Four-year-olds in reception classes are likely to be in full-time education. One issue for schools is that the current school week may be less than 30 hours inclusive of the lunchtime break. There will be no requirement on schools to make their provision up to the 30 hours, but obviously this may be an issue for some schools. For 3 and 4-year-olds not in the reception class who currently attend for a morning or afternoon session for the free 15 hours of provision, managing the additional 15 hours a week will be more problematic. Although the Government, and their delivery agent (local government), want schools to extend their provision, schools will not be under a duty to do so.

What is a working parent?

A working parent will be defined in regulations, and not the Bill. The Government has set out in Childcare Bill: Policy Statement (October 2015) that to receive the additional 15 hours childcare: “Both parents are working or one parent working in lone parent families … This will be defined as earning the equivalent of 8 hours per week on National Minimum Wage and this can include self-employment.”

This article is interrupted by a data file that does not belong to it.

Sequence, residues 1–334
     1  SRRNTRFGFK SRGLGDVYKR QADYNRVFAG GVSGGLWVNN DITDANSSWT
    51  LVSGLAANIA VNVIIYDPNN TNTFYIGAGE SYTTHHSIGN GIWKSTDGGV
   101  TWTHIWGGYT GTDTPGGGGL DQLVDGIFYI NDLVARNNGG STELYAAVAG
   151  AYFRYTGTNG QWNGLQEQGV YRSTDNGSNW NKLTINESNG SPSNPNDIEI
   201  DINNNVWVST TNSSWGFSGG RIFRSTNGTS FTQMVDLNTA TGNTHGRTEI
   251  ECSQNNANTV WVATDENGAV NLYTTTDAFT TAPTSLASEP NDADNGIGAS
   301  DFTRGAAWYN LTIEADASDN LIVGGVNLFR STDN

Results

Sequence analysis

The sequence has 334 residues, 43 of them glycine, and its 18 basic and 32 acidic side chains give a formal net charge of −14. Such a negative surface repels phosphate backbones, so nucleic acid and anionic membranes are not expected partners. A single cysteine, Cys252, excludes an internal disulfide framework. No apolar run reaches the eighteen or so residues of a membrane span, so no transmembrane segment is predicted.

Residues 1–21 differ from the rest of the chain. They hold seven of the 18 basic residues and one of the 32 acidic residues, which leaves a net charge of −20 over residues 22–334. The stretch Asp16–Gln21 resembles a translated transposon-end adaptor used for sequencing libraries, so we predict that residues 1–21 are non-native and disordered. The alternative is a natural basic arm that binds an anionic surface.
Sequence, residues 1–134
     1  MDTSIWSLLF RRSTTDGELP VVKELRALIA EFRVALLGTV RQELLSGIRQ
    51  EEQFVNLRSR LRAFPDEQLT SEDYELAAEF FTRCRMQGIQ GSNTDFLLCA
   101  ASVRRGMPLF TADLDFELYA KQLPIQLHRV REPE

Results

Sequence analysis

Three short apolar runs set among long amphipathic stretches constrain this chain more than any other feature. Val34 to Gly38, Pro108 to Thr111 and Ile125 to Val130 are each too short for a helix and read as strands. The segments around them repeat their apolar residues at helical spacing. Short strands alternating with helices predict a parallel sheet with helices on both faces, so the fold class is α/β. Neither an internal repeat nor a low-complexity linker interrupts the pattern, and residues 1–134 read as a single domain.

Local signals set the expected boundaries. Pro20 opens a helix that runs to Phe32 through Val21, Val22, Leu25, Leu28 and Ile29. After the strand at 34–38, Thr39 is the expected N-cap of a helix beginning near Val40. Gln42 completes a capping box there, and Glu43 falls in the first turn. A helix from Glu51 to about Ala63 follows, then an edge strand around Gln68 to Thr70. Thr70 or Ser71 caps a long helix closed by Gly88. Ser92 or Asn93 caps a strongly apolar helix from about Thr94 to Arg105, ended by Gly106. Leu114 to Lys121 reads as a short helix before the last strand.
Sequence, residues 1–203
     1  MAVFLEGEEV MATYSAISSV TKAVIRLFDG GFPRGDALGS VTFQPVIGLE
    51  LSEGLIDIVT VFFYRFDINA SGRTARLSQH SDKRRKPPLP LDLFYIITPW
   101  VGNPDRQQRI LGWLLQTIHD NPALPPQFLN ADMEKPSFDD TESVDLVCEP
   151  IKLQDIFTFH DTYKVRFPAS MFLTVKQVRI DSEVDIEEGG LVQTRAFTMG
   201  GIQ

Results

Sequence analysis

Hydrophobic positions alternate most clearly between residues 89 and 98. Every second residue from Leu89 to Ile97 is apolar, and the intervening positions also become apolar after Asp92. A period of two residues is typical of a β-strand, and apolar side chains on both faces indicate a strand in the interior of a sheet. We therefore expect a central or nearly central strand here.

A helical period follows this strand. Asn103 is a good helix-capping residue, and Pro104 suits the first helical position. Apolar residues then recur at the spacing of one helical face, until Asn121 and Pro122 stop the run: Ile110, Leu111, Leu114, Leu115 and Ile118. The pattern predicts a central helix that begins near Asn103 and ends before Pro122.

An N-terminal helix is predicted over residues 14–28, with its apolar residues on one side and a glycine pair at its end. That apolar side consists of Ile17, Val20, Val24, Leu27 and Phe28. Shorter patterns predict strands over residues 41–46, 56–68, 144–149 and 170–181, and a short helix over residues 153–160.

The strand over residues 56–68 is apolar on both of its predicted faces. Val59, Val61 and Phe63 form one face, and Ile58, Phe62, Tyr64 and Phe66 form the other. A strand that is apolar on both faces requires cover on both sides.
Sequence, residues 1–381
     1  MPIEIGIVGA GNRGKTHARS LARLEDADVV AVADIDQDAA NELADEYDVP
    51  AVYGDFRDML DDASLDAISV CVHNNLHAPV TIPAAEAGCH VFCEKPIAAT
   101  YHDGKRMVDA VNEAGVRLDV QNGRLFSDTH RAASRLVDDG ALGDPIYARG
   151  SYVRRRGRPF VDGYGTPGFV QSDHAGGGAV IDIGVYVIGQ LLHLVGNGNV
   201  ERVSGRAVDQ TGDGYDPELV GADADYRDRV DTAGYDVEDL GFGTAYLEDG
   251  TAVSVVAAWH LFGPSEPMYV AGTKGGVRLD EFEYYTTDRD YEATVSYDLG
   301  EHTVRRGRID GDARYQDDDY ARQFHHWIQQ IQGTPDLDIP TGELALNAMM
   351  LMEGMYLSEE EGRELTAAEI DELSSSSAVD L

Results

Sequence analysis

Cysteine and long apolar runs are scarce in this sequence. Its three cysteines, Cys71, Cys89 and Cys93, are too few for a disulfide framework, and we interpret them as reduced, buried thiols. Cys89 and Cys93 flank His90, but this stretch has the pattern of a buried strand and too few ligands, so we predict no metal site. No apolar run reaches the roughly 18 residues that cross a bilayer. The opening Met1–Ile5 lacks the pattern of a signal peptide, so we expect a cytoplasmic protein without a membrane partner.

Parents will also be entitled, where one or both are away from the workplace due, maternity and paternity leave, substantial other caring responsibilities, parental disablement, etc. There will also be a short period of grace when parents’ employment circumstances change. All schools (and childcare providers in general) will be responsible for checking whether parents are eligible but a third party, likely to be the LA, will have access to HM Revenue & Customs (HMRC) and the Department for Work and Pensions (DWP) data to confirm eligibility.

Government changes to the Bill